Primary Children’s Hospital Leading First Long-Term Study Of MIS-C
Jan 26, 2021, 12:26 PM | Updated: 11:34 pm
SALT LAKE CITY, Utah – Intermountain Primary Children’s Hospital is leading the nation’s first long-term study into COVID-19 related multisystem inflammatory syndrome in children, or MIS-C.
University of Utah Health’s and Intermountain Primary Children’s Hospital’s pediatric cardiologists will be tasked with the study that includes data from 30 different hospitals in the United States.
We first told you about it back in May when one Utah child had the syndrome.
Now, it has sickened dozens of kids, including Madilyn Dayton. “None of us had any symptoms. None of us had tested positive,” said Marilyn Dayton.
When the 13-year-old’s parents took her to Primary Children’s Hospital with a fever, headache and a rash in October, they had no idea her illness was related to COVID-19 because no one in their eight-person family had it.
MIS-C is a rare, extreme immune response to COVID-19, and can cause severe illness involving the heart, lungs, blood, kidneys, or brain. Children with MIS-C are hospitalized, and often require intensive care. More: https://t.co/16zn2gexpT 3/7
— Primary Children's Hospital (@primarychildren) January 26, 2021
“One day, she woke up and discovered she couldn’t move without much pain. She would soon learn that she had MIS-C,” said Dr. Dongngan Truong, a pediatric cardiologist at Intermountain Primary Children’s Hospital, U of U Health.
“MIS-C can cause severe illness involving any organ system – kidneys, heart, lungs,” said Truong. “Children with MIS-C are often hospitalized due to low blood sugar, shock, or decrease squeeze to the heart.”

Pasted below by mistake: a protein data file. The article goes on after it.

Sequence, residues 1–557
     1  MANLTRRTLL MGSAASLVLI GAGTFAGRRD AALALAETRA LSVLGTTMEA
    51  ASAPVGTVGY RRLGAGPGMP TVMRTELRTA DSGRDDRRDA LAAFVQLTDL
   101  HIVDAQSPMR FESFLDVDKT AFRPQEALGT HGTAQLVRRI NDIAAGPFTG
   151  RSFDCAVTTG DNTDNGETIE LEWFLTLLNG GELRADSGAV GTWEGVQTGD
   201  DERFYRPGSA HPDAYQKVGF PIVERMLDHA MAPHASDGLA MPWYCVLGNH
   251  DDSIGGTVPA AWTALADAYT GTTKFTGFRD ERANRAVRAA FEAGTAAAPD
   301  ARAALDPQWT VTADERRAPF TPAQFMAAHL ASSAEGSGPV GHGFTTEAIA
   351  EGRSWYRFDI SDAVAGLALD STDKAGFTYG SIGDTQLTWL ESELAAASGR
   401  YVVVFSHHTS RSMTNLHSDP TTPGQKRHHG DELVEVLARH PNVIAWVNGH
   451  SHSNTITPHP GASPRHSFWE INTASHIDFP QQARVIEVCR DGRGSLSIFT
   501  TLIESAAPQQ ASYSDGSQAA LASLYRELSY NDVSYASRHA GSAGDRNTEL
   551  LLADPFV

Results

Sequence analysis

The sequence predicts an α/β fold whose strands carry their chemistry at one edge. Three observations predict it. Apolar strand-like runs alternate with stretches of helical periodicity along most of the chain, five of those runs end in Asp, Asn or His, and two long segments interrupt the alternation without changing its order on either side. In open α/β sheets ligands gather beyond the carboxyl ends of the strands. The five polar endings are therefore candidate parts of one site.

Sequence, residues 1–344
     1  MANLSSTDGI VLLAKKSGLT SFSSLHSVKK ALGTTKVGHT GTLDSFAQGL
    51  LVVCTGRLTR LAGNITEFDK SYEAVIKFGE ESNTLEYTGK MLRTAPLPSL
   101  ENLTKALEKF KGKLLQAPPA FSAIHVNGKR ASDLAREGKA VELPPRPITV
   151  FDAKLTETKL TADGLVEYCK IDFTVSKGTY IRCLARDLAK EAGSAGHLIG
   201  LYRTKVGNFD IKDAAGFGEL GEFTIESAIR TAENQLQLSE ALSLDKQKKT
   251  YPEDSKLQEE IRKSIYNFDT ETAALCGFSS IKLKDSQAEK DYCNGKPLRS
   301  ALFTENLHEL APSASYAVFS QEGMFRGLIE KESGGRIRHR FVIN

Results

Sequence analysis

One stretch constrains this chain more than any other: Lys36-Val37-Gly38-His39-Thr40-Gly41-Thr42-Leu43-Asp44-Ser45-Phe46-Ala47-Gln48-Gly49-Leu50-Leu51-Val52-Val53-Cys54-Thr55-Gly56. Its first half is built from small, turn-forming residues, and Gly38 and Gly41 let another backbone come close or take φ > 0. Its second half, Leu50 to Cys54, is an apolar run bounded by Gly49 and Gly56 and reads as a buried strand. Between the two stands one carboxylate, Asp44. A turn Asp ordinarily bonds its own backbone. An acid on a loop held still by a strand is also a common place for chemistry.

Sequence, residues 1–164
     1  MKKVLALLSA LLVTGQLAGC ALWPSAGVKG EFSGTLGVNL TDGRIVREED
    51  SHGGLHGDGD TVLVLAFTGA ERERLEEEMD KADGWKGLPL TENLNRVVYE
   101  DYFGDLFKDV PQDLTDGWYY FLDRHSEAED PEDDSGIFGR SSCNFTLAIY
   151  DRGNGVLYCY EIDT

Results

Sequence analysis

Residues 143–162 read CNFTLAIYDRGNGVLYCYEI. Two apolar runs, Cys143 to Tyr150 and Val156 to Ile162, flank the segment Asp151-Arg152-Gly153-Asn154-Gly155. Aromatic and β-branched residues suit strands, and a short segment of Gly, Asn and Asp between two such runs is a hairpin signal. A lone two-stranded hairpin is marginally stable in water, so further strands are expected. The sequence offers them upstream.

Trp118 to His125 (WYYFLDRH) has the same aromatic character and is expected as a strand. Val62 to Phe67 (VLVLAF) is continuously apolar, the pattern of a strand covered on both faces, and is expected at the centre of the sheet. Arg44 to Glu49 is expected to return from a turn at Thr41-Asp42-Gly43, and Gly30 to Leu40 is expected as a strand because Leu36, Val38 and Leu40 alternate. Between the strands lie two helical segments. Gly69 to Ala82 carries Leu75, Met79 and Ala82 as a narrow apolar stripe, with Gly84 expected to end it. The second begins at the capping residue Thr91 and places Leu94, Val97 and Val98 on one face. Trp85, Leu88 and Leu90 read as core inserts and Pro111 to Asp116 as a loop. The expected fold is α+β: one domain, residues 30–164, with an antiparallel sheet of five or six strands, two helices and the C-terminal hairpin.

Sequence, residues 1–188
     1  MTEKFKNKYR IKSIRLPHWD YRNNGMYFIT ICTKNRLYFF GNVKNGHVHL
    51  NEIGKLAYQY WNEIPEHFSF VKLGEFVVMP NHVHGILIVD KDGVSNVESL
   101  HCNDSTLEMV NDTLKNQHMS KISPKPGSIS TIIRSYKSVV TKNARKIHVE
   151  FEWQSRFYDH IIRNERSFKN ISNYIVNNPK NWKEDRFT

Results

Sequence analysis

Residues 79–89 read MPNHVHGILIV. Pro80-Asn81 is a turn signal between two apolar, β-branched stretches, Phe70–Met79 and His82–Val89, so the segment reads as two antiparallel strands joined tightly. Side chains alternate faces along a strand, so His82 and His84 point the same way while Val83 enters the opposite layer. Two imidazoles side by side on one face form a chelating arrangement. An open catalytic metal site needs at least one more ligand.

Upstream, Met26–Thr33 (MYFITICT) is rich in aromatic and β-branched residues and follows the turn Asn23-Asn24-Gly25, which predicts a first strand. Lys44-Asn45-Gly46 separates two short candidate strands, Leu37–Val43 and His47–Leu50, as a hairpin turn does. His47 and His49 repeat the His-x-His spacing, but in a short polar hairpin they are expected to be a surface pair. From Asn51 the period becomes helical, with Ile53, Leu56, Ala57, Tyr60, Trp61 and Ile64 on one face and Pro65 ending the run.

Now, the pediatric cardiologist from Primary Children’s is co-leading the county’s first long-term study on MIS-C to find answers. It’s called the MUSIC study – short for “Long-Term Outcomes after the Multisystem Inflammatory Syndrome In Children.”
The five-year longitudinal study is funded by the National, Heart, Lung, and Blood Institute and is co-led by Dr. Jane Newburger of Boston Children’s Hospital.
“MIS-C is largely a mystery at this point,” she said. “We don’t yet know what risk factors make some kids with COVID-19 infection develop MIS-C, and others not.”
Truong hopes they can better understand the long-term effects of MIS-C for quicker detection and treatment. Right now, the data is limited.
“I hope that in the coming years I will have more answers for parents and for my patients,” she said.
The Daytons are participating in the study so that other families may have better answers in the future.
The best way to avoid the syndrome is to avoid the virus: mask up, social distance and avoid gatherings outside your household.
Children who’ve had the syndrome are being restricted from playing sports for three months after recovery because health officials don’t know how it affects the heart yet.
Data shows Black and Latino children are disproportionately affected with MIS-C. Doctors are looking to study genetic testing and outlying factors in children that could contribute to more severe cases of the disease.
Authorities said symptoms are similar to other illnesses — fatigue, vomiting, diarrhea, and fever — which is why it’s important for parents to bring their children to get check out specifically for MIS-C.
The study will hopefully produce more information about MIS-C and give doctors more concrete data on what to expect in the long term.